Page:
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The UK’s Fossil Fuel Move

The Background

In late 2020, the UK government announced plans to completely ban the sale of petrol and diesel vehicles by 2030 – previously aimed at 2040. These efforts are a step towards Boris Johnson’s 10-point environmental “green industrial revolution” plan and are part of a global effort to phase out fossil fuels. This plan is approximated at £12 billion and aims to create over a quarter of a million jobs nationwide. Apart from the fossil fuel vehicle phase-out, it also vows to quadruple offshore wind farms (which essentially increases the UK’s wind power capacity to power all households), boost hydrogen production, invest in small and advanced nuclear reactors, and several other efforts to curb the climate crisis. 

Problems with Lobbyists

Although the plan may seem like a massively scaled initiative to accelerate the move towards sustainable development, many are not too pleased with the efforts made. Firstly, the car industry has been lobbying the government this month to urge a delay in the implementation of this ban; this is not surprising at all. Major car manufacturers such as BMW, Ford, Honda, Jaguar Land Rover, and McLaren all argued against these bans in written submissions, and BMW stated that there is “no scientific evidence to support such ambitious market uptake in the UK” for the previous 2040 ban, let alone this new and earlier date. The Society of Motor Manufacturers and Traders (SMMT) is a UK lobby group, which aims to support and promote the interests of the automotive industry. SMMT calculated that this ban would cause a drop in car sales from £2.3m in 2025 to only about 800,000. Furthermore, SMMT’s chief executive is also worried that 9 years is not enough time to convince the public to switch to the greener electric vehicles and believes that many drivers would find it much more convenient and cost-efficient to stick to their regular way of life. However, moving this ban date to 10 years earlier would make the UK the fastest G7 country to do so. Although it would reduce the UK’s emissions significantly earlier than initially planned, it also severely impacts the marginal costs and research & development plans of several car manufacturing firms. It also puts them in a difficult position in terms of developing their supply of different vehicles and being able to adapt to changing market conditions and demand.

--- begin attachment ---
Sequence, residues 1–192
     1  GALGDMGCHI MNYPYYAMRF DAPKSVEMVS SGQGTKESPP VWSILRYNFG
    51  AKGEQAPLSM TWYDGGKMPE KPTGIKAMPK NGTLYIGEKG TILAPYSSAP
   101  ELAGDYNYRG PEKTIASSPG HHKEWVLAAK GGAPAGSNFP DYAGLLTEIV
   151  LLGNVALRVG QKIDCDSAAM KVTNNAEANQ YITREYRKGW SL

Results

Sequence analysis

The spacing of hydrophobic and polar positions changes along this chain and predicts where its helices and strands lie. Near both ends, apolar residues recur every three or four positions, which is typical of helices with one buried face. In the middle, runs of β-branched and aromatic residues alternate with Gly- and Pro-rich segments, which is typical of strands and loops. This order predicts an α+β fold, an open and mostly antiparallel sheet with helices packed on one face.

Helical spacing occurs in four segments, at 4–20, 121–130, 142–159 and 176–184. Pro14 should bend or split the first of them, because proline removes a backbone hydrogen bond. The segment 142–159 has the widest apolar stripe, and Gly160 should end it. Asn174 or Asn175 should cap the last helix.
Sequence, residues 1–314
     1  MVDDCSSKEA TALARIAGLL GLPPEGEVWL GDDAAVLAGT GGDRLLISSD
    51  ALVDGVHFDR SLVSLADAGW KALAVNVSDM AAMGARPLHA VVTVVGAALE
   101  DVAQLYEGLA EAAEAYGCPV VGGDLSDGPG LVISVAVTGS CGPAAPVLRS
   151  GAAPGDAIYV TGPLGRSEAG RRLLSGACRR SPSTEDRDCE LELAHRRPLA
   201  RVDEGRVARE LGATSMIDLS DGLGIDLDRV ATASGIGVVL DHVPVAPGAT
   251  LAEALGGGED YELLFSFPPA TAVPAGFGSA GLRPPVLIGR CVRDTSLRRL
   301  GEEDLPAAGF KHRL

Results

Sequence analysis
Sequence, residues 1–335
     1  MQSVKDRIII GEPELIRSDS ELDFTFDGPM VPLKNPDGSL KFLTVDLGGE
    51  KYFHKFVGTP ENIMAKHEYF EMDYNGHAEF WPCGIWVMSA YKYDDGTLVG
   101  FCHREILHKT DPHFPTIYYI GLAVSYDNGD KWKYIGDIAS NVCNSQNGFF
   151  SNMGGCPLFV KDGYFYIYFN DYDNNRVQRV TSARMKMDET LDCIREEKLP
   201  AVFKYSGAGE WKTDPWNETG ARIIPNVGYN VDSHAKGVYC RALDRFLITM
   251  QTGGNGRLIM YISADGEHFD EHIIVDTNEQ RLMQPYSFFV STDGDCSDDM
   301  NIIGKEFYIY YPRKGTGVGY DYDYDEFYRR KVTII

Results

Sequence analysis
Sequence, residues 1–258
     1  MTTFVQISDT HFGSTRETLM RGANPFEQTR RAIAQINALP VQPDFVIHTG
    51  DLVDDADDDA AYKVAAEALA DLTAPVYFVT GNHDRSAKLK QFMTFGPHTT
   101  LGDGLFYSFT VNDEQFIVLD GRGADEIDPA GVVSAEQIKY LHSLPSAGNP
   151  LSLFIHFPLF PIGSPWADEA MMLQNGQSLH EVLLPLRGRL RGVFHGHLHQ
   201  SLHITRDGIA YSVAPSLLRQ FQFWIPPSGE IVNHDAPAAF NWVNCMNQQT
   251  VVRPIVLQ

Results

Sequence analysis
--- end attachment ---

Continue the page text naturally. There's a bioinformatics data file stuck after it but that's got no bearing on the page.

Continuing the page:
Apart from the car industry, other parties are dissatisfied with the announcement of this plan – including the Labour party. They claim that this plan is deeply disappointing in ambition, and say that it won’t effectively mitigate the current environmental concerns or the unemployment caused by COVID-19. Labour is striving for a green stimulus package, and is referring to Johnson’s 10-point plan as a “pale imitation” of what the country really needs.

Conclusion

Despite the divergent views on this new announcement, it is undoubtedly a step towards a greener future. This ban still works to catalyse the country’s plans to net-zero emissions and the phase-out of fossil fuels. What will actually provide assurance, however, is proper evidence to the public that Downing street and the UK government will pledge and commit to turning these ambitions into a transformative, yet urgently needed reality to curb the harrowing effects of climate change and also provide the UK with the jobs they need.

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